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Snow falls more than expected on Mars

Snow falls more than expected on Mars

Study of variations in the shadow of large ice masses from seasonal deposits on Mars indicates that the thickness of the accumulated ice is two orders of magnitude greater than estimated.

These blocks are formed by the detachment of broken ice and are located at the foot of steep slopes found in the so-called Arctic Layered Deposits (NPLD). The thickness of the snow and frost accumulated around it varies across the different seasons of the Martian year.

“We suggest using the differences in the shades of these ice masses, “It was discovered in the high-resolution images of HiRISE, an instrument on board NASA’s Mars Reconnaissance Orbiter (MRO), which was launched in 2005,” explains Luisa Lara, researcher at the IAA (Andalusian Institute of Astrophysics)-CSIC and one of the Co-authors of the work published in the Journal of Geophysical Research: Planets.

“Thanks to the amazing spatial resolution of up to 25 cm Through a series of reasonable hypotheses about the distribution of snow and frost around these blocks, we were able to unambiguously relate the length of the ice block’s shadow to its height. This allowed us to estimate the thickness of deposited snow and frost with great accuracy, even at the end of winter and the beginning of Martian spring, when the quality of HIRISE images is not very good,” concludes Pedro Gutierrez, one of the authors of the work and a researcher at IAA-CSIC.

This innovative method was tested on a steep slope located approximately 85.0°N and 151.5°E of Mars’ North Pole. The results showed that the increase in thickness due to the seasonal accumulation of snow and frost may reach 1.6 meters by the end of winter. “Enough to cover a car.”“It then gradually decreases as the red planet moves toward the summer solstice,” noted Haifeng Xiao, a researcher at IAA-CSIC.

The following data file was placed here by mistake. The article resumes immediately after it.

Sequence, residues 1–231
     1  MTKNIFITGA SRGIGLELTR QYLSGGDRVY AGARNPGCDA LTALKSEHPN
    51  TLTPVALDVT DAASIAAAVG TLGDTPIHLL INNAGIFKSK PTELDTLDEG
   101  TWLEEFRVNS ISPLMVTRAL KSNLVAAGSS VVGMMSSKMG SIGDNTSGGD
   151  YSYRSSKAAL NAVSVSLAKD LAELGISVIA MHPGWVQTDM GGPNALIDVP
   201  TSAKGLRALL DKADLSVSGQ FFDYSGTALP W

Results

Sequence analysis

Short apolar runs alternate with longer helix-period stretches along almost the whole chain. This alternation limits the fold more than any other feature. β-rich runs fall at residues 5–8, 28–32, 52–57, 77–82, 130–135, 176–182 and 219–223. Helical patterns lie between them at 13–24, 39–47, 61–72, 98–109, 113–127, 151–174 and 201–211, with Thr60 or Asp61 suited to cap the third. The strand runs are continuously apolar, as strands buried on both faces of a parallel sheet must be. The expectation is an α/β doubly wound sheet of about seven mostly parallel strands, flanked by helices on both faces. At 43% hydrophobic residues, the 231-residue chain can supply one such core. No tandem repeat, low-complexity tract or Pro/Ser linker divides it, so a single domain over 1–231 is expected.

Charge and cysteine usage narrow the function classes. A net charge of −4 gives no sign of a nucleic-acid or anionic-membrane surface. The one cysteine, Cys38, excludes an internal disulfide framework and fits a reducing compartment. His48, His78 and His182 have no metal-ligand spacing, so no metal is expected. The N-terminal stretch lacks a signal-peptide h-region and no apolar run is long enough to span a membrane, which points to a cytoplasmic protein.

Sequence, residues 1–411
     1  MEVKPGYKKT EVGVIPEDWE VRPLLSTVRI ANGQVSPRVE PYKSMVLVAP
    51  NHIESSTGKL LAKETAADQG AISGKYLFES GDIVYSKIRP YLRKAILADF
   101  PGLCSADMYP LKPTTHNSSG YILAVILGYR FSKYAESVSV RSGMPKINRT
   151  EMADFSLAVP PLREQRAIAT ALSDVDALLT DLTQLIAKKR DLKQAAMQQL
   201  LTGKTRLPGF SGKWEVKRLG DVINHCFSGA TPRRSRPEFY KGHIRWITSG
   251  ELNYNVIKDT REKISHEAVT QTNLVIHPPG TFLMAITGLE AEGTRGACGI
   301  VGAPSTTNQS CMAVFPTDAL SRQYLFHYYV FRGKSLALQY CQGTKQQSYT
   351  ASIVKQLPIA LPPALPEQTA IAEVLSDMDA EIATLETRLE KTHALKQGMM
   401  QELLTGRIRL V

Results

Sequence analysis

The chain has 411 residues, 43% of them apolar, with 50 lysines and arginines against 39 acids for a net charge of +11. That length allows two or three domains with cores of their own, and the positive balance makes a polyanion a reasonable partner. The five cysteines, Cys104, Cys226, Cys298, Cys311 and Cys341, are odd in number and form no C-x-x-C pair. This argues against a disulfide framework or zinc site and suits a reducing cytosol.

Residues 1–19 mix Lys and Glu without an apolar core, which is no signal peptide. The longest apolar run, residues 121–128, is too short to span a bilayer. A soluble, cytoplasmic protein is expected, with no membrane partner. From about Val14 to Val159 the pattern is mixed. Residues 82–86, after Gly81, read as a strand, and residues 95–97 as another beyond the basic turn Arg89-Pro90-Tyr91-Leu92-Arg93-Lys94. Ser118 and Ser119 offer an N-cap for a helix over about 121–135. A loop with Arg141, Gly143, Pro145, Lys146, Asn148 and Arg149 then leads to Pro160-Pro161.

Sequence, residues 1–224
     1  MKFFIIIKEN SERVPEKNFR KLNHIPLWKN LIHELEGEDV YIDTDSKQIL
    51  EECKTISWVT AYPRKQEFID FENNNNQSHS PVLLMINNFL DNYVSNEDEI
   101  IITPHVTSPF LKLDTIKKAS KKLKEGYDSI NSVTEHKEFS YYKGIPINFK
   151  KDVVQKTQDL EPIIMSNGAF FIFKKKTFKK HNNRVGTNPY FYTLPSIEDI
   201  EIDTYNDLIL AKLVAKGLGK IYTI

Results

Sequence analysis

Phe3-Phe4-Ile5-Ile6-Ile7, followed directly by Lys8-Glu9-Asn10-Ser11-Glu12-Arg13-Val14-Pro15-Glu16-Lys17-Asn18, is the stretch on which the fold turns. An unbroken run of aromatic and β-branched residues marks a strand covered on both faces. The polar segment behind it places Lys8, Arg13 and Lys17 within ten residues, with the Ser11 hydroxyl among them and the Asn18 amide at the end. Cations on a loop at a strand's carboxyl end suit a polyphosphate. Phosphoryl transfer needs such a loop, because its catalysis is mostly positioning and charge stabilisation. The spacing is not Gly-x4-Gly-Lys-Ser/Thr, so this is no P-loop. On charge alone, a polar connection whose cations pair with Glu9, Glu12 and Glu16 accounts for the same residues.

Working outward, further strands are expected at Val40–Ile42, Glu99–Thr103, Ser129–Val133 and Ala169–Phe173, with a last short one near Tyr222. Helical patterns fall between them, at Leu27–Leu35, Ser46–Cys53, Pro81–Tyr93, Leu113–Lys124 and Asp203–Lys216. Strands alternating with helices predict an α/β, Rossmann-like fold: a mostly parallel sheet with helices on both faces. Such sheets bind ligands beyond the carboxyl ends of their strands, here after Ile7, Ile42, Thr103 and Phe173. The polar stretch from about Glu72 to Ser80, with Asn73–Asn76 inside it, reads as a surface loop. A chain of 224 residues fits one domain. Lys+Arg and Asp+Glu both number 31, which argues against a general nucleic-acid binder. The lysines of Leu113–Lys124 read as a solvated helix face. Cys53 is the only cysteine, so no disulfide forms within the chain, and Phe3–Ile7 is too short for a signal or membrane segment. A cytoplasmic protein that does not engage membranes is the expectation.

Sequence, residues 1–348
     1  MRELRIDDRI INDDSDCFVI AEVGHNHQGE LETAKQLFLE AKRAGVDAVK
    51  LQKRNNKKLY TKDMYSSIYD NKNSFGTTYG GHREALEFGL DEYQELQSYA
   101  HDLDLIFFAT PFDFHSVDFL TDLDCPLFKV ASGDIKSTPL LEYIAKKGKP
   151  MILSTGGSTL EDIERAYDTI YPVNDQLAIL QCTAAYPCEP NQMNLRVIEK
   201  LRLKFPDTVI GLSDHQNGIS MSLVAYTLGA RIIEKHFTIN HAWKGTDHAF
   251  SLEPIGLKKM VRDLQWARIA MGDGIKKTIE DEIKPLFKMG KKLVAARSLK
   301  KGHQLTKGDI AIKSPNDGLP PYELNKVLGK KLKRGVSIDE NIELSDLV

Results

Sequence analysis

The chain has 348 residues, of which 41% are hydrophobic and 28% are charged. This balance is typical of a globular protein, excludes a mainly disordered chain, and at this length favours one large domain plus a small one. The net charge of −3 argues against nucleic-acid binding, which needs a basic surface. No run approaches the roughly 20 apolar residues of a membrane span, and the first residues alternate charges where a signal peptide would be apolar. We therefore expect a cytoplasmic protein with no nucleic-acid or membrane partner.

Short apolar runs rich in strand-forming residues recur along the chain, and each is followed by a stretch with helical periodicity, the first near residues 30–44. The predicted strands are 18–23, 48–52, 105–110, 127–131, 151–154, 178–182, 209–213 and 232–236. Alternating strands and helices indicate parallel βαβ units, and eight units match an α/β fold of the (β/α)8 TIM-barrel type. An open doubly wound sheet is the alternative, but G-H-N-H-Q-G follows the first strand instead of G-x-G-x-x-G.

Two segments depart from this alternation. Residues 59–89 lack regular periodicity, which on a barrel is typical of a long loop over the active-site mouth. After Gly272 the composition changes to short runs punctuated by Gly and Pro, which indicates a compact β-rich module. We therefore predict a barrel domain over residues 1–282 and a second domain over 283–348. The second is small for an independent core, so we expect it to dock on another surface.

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One meter of snow

The contribution of snow alone is about 1 metre. This value is about two times larger than the average thickness predicted by recent snowfall models on Mars, suggesting that local storms associated with large accumulations of carbon dioxide may be more frequent and violent than previously estimated. It should also be noted that this estimate also differs from values ​​previously obtained using the Mars Orbiter Laser Altimeter (MOLA) instrument aboard NASA’s Mars Global Surveyor (MGS) mission. “Although our snow measurement is only on a specific shelf and is averaged across latitudes, this large difference in comparison is really interesting,” says Haifeng Xiao.

Moreover, this new approach allowed us to observe that the contribution of snowfall to the thickness and volume of seasonal snow cover during winter is greater compared to direct surface condensation in the form of frost.

“Last but not least, applying our method to a group of HIRISE images from 2008 to 2021 made it possible to detect annual variations in snowfall thickness. In fact, we show that snow in 2021 reached a depth of about 0.36 meters greater than that measured a decade ago, in 2011,” says Haifeng Xiao.


Like Earth, Mars experiences four seasons throughout the year due to the tilt of its axis of rotation. During the Martian autumn and winter, temperatures in the polar regions can drop below the freezing point of carbon dioxide (about -125 °C), which makes up 95% of the Martian atmosphere by volume. This carbon dioxide can deposit on the surface of the Red Planet either as ice or condense directly into frost.

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Annually, up to a third of atmospheric carbon dioxide is exchanged between the atmosphere and the Martian surface through a seasonal cycle of deposition and sublimation. These seasonal deposits can extend from the poles to approximately 50 degrees latitude.